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Table of Contents
ORIGINAL ARTICLE
Year : 2016  |  Volume : 32  |  Issue : 3  |  Page : 344-348

A comparative study of clonidine and dexmedetomidine as an adjunct to bupivacaine in supraclavicular brachial plexus block


Department of Anaesthesiology and Critical Care, Government Medical College and AG Hospitals, Kota, Rajasthan, India

Date of Web Publication22-Aug-2016

Correspondence Address:
Dr. Mukesh Somvanshi
1-JHA-1, Vigyan Nagar, Kota - 324 005, Rajasthan
India
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Source of Support: None, Conflict of Interest: None


DOI: 10.4103/0970-9185.188819

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  Abstract 

Background and Aims: Various additives are mixed with local anesthetic agents to increase the quality of block in regional anesthesia. We compared clonidine and dexmedetomidine as an adjunct to bupivacaine in supraclavicular brachial plexus block with respect to the onset and duration of sensory and motor block and duration of analgesia.
Material and Methods: Sixty American Society of Anesthesiologists Grades I and II patients scheduled for various orthopedic surgeries of the upper limb under supraclavicular brachial plexus block were divided into two equal groups in a randomized, double-blind manner. Patients were assigned randomly to one of the two groups. In Group C (n = 30), 39 ml of 0.25% bupivacaine plus 1 ml (1 μg/kg) clonidine and in Group D (n = 30), 39 ml of 0.25% bupivacaine plus 1 ml (1 μg/kg) dexmedetomidine were given. The onset and duration of sensory and motor block, duration of analgesia, and quality of anesthesia were studied in both the groups.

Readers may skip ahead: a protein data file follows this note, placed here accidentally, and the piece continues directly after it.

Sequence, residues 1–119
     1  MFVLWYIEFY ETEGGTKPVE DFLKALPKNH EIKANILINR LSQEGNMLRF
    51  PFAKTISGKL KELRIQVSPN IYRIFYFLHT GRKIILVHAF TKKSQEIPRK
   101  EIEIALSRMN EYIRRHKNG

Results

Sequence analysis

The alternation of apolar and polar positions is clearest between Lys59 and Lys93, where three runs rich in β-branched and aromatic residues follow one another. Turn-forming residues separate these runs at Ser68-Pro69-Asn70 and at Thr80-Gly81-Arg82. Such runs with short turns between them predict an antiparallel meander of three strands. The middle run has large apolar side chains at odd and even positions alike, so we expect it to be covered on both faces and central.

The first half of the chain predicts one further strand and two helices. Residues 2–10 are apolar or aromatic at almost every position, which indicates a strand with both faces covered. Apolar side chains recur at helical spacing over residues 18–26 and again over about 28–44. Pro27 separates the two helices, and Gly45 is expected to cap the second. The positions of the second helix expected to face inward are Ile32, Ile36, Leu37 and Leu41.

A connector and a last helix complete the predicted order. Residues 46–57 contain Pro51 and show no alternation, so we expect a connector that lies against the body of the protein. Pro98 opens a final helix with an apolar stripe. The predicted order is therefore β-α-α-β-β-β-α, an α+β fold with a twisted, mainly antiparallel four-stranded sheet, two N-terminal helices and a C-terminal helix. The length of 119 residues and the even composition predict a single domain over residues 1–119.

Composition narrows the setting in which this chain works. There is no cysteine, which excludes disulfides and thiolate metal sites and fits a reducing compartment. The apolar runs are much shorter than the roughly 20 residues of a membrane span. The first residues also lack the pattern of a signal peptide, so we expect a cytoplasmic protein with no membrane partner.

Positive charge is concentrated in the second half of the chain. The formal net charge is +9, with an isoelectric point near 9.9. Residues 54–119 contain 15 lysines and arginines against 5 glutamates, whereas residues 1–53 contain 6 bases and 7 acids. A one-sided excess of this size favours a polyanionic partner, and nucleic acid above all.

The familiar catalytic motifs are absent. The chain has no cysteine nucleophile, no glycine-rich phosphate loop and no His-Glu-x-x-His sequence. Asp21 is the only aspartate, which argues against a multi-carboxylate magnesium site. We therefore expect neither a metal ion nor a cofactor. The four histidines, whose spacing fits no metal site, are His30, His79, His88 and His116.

Results: There was no statistically significant difference in the onset of sensory and motor block in both the groups. The durations of sensory and motor block were 316.67 ± 45.21 and 372.67 ± 44.48 min, respectively, in Group C, whereas they were 502.67 ± 43.78 and 557.67 ± 38.83 min, respectively, in Group D. The duration of analgesia was 349.33 ± 42.91 min, significantly less in Group C compared to 525.33 ± 42.89 min in Group D (P < 0.001). The quality of anesthesia was significantly better in dexmedetomidine group compared to clonidine group (P < 0.001).
Conclusion: The addition of dexmedetomidine prolongs the durations of sensory and motor block and duration of analgesia and improves the quality of anesthesia as compared with clonidine when injected with bupivacaine in supraclavicular brachial plexus block.

Keywords: Clonidine, dexmedetomidine, supraclavicular brachial plexus block


How to cite this article:
Tripathi A, Sharma K, Somvanshi M, Samal RL. A comparative study of clonidine and dexmedetomidine as an adjunct to bupivacaine in supraclavicular brachial plexus block. J Anaesthesiol Clin Pharmacol 2016;32:344-8

How to cite this URL:
Tripathi A, Sharma K, Somvanshi M, Samal RL. A comparative study of clonidine and dexmedetomidine as an adjunct to bupivacaine in supraclavicular brachial plexus block. J Anaesthesiol Clin Pharmacol [serial online] 2016 [cited 2020 Apr 5];32:344-8. Available from: http://www.joacp.org/text.asp?2016/32/3/344/188819


  Introduction Top


Supraclavicular brachial plexus block is a common regional anesthetic technique used to provide anesthesia and analgesia for upper extremity surgery at our institution. α-2 adrenoreceptor agonists have been the focus of interest for their sedative, analgesic, and perioperative sympatholytic and cardiovascular stabilizing effects with reduced anesthetic requirements.